The Senate opened debate Wednesday sharply divided on a voter identification bill and ended the day just as divided. Democrats and Republicans are at polar opposites on whether S.C. should require voters to present a photo ID in order to vote.
Right now, voters can cast a ballot by presenting either a voter registration card, which doesn't have a picture, or a state-issued ID such as a driver's license.
Senate Democrats, who are putting on a full court press against the Republican proposal, say the bill, which would require a photo ID in addition to a voter registration card, would block 178,000 people from the polls, or 6.9 percent of the 2.6 million people registered to vote. Those voters would have to take the additional step of getting a state-issued photo ID to cast a ballot.
Democrats say the bulk of the people who would be put at risk of losing that vote are elderly and poor, living in the counties with the highest unemployment rates, the lowest education, and smallest incomes.
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"I will never vote to disenfranchise anybody who is lawfully and legally registered to vote in this state," said Sen. John Land, D-Clarendon, Senate Minority Leader.
"You're unregistering 178,000 people - that's what you're doing," Land said. "You're pulling the rug out from under them."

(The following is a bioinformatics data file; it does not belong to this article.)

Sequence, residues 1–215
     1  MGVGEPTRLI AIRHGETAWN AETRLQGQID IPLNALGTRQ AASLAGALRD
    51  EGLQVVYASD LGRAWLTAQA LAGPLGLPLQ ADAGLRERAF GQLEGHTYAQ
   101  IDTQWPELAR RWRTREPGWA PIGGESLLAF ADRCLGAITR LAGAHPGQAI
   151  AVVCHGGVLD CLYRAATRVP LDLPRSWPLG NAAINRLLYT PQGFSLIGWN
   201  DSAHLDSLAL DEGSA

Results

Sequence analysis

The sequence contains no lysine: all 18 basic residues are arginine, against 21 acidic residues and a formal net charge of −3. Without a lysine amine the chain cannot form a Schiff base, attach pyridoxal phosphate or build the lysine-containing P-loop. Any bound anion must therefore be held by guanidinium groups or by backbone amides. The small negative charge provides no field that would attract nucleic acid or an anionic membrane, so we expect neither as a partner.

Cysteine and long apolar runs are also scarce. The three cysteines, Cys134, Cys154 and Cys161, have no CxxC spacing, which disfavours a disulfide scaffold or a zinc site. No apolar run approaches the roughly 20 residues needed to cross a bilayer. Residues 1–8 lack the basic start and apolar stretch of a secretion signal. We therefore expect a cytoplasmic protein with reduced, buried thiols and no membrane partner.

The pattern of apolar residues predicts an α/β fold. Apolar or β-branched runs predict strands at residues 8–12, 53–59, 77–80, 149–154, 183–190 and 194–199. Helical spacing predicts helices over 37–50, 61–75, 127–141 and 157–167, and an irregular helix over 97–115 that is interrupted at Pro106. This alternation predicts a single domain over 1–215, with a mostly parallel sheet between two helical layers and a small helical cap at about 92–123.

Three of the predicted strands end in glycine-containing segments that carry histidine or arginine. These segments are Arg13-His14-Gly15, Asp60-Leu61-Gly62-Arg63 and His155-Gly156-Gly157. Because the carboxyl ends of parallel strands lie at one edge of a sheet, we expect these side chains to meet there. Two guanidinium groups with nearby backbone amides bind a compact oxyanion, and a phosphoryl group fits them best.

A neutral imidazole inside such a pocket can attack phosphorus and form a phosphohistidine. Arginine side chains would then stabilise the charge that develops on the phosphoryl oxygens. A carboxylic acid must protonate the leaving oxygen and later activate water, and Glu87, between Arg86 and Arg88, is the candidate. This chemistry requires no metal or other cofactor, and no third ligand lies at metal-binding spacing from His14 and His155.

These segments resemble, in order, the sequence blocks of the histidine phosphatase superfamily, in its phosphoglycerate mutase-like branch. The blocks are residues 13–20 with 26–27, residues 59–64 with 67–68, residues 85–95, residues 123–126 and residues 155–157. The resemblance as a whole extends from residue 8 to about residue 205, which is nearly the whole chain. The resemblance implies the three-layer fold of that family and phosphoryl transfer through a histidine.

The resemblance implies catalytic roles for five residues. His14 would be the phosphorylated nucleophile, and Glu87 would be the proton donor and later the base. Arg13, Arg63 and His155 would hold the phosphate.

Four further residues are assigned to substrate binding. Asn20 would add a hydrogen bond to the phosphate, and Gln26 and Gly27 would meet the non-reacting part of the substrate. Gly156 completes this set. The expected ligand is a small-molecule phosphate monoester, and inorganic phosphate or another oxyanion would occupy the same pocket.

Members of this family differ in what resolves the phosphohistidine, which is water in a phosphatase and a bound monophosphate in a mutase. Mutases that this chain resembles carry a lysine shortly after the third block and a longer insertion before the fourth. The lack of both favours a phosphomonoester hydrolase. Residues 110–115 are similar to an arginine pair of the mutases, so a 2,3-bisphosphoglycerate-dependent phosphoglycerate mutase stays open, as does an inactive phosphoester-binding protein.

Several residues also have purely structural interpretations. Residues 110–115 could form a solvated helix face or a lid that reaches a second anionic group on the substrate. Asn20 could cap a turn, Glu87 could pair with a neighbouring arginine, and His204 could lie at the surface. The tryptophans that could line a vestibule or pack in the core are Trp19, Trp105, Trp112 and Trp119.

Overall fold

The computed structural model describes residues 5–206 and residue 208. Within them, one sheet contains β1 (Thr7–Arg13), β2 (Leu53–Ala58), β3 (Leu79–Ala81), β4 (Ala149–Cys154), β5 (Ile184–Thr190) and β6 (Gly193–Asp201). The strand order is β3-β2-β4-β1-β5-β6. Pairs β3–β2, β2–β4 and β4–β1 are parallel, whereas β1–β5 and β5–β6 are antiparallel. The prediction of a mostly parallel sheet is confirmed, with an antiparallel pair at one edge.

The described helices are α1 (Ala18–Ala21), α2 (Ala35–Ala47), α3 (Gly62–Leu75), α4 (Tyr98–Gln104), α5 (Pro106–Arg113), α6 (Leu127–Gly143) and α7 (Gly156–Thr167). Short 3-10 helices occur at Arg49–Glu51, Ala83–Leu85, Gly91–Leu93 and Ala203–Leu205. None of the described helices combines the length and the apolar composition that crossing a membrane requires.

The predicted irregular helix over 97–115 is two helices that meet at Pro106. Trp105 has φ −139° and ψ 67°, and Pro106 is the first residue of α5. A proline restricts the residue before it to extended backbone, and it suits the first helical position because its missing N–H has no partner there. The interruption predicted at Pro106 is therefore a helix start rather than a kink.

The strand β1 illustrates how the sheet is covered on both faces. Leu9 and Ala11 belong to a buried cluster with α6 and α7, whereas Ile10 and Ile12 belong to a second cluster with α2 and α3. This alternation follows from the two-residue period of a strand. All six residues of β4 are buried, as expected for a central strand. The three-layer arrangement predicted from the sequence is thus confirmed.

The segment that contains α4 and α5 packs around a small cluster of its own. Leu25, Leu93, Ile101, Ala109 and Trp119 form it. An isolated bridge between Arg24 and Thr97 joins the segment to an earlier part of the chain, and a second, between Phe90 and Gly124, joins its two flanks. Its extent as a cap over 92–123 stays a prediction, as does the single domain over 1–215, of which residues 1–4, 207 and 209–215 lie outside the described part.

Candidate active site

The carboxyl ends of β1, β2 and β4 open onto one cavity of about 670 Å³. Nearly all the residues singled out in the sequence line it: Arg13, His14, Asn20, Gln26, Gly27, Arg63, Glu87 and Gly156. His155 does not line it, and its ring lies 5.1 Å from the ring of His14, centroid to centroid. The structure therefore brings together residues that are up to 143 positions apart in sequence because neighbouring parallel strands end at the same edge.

The House-passed Republican bill makes it a requirement to present a photo ID in order to cast a ballot, and requires a poll manager to match the photo ID with the person attempting to vote. Backers of the bill say it is a deterrent against voter fraud.
Democrats also are at odds over the measure because it establishes a 16-day early voting period, cutting down the existing 30-day absentee voting period currently in place.
Some Democrats, such as Sen. Floyd Nicholson, D-Greenwood, and Sen. Ralph Anderson, D-Greenville, said race is at the heart of the push for photo ID.
"We say we want people to vote, then when they do, we pass laws to disenfranchise them. Is that what we want?" asked Nicholson.
Nicholson, elected in 2008, rarely speaks out on the Senate floor.
"We are on the brink of taking away one of our most precious rights, and I take great exception to that," said Sen. Joel Lourie, D-Richland, adding the bill could affect nearly 19,000 people he represents in Richland County, and 1,900 in neighboring Kershaw County.
"I fail to see the impediment this imposes to anyone in this day and age," said Sen. Larry Martin, R-Pickens, who supports the bill.
Sen. John Scott, D-Richland, said people living in poor counties with traditionally high unemployment rates are more likely to have transportation difficulties in getting state-issued identifications, and have done nothing wrong to be forced by Republicans to have to.
Democrats said Republicans have presented no evidence there is a need to require photo IDs to vote, and said the U.S. Justice Department is unlikely to agree to the proposed change, particularly given the state's history in denying its residents their legal right to vote.